Last week the Design Council Cabe Design & Infrastructure debate focused on the latest infrastructure proposals and how these impact local communities.
Hosting the event was the Design Review’s Thomas Bender. Speakers included Heatherwick Studios’ Mat Cash, the Landscape Institute and Farrer Huxley Associates Director Noel Farrer, and Martin Knight of Knight Architects.
To get the ball rolling, Thomas Bender highlighted infrastructure’s role in society as a lasting, pride-inducing coming together of design and engineering. As well as helping society through basic functions and usability, Bender noted that great infrastructure should incorporate beauty, sophistication, wonderful engineering and innovation in order to “touch the hearts” of those that use it. Recent trends have seen functional infrastructure and the energy industry taken for granted or frowned upon as dirty, dangerous and uninspiring. How can we reverse this erosion of civic pride? Vision and beauty, Bender suggested, are what’s needed to bring joy in infrastructure back to these communities. Through innovative use of materials, the regional impact of linking areas of landscape, a shift towards sustainable behavioural change and adaptive re-use, this healthier, more holistic view of infrastructure can be achieved.
Speaking next, Heatherwick Studios’ Mat Cash focussed on the misconception of infrastructure as a substructure, rather than an intimate human network that we see, feel and interact with on a daily basis. Pointing to Heatherwick’s Paddington Footbridge – the singular uncurling mechanism of which often delights onlooking crowds – Cash noted that the spectacle of infrastructure is something to be enjoyed and celebrated as public art or theatre. Moving on to discuss Heatherwick’s new bus for London, Cash highlighted the importance of care and detail in infrastructure, in order to enhance the human experience. The bus interiors were re-examined, the palette softened and calmed, and points of interaction – i.e., stopper buttons and handrails – tweaked to offer maximum ergonomics, stylish durability and ease of use.
Finally, Cash discussed Heatherwick Studios’ innovative Teesside Power Station. Looking back to benchmarks such as Battersea Power Station, Cash noted a clear decline in public pride for large-scale infrastructure projects. Eschewing the standard “scattering” of boxes approach, Heatherwick have proposed to stack or bunch the components of the power station together, forming a “power park”. By incorporating viewing platforms, greenery, venue hire and office space, Heatherwick Studios hope to foster an appetite for community care surrounding infrastructure, and move away from modern conceptions of power stations as dangerous, high-security, opaque complexes.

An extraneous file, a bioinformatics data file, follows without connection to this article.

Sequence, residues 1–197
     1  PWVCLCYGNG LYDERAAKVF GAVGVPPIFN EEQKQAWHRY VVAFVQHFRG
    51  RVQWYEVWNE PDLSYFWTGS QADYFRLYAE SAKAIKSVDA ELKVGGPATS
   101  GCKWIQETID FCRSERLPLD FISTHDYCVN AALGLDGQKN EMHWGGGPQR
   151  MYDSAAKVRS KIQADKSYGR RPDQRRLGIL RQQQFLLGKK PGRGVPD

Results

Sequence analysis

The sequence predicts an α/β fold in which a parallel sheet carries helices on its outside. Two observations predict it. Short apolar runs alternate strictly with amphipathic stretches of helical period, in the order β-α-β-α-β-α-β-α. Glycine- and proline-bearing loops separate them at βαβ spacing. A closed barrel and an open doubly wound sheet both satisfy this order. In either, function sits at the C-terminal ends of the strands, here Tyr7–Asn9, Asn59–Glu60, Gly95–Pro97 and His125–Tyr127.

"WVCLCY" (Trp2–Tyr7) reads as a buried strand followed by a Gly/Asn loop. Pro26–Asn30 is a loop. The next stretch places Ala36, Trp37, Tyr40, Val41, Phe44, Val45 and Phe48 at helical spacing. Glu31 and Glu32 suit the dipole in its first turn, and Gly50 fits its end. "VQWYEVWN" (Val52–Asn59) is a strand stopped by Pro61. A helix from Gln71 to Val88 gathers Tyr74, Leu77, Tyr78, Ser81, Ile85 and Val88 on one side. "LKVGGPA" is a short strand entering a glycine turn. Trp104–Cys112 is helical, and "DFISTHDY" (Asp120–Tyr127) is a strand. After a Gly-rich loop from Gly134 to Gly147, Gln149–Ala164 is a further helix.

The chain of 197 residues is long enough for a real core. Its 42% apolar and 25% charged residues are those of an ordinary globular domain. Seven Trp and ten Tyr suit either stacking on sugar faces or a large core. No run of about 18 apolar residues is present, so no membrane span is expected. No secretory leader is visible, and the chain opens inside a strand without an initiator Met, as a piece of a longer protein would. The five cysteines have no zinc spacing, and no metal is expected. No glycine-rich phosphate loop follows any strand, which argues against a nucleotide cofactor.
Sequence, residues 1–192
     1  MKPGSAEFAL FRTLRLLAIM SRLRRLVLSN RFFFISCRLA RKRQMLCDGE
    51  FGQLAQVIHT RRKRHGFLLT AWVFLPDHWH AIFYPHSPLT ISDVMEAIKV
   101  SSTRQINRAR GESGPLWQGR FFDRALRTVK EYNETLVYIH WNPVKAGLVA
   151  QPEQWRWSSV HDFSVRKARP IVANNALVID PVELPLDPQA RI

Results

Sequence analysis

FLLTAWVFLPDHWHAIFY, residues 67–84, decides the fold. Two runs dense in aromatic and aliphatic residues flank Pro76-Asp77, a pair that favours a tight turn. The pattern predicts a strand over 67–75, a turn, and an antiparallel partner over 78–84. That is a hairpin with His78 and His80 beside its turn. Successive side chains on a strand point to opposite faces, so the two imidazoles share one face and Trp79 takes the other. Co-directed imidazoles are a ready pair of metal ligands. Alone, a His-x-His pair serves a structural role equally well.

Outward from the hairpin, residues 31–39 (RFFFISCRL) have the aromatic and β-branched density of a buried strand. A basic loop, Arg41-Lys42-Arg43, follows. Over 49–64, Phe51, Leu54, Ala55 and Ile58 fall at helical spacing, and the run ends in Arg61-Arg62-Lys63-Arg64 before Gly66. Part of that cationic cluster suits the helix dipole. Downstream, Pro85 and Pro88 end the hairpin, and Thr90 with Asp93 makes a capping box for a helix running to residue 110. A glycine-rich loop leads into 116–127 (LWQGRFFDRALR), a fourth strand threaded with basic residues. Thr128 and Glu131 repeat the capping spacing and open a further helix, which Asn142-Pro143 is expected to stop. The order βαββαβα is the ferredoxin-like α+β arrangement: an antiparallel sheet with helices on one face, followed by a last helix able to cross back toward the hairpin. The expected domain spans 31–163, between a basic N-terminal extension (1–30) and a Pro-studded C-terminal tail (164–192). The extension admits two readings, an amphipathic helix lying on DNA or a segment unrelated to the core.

Noel Farrer was next to speak, as he discussed further discussed the difficulties of engendering value in infrastructure schemes. “Good infrastructure is good landscape” was Noel’s initial message, as he pointed to monumental projects such as the Great Wall of China and Paris’s Saint-Lazare Train Station for their profound national significance, effect on tourism and value as a piece of landscape. The cultural and financial contribution of such projects to their surroundings is vast, Farrer argued, and the mark they leave on the globe enduring. Pointing to Britain’s “lost” era of heroic materialism, Farrer focussed on Battersea Power Station’s iconic position in our physical and cultural landscape, noting that the structure’s beauty has led to its role and and value in society far eclipsing its contribution of actual energy (Battersea was operational for only 27 years).
Looking towards Detroit, Farrer posited an approach of green, intuitive, thoughtful and holistic infrastructure to remedy landscapes of broken industry. Summoning Aristotle, Farrer noted that the meeting of Government and infrastructure deals with the tension between the needs of the state and the rights of the individual. For infrastructural coming together of landscape and beauty can “enrich our senses” while sidestepping nimbyism.
Speaking last was Martin Knight, who chose to discuss the important place of bridges in our society. Bridges exhibit tangible identities, argued Knight – they are real, loved objects, which regularly appear in art and on money. Looking at Brunel’s Maidenhead Railway Bridge, which inspired a Turner painting, Knight noted its beautifully efficient flat and wide arches, painstakingly constructed to avoid a gradient, which still serve today. He moved on to analyse Knight Architects’ Te Matau a Pohe bridge, which crosses Whangarei Harbour in New Zealand. Knight suggested that the bridge, which incorporates a distinctive bascule shaped like a traditional Maori fishhook, acts as a signifier of progress and totem of change for the local community. For those who live with these pieces of infrastructure on a daily basis, concluded Knight, quality is of the upmost importance. We rely on Victorian infrastructure much more than the Victorians ever did. A legacy of robust, beautiful infrastructure is essential.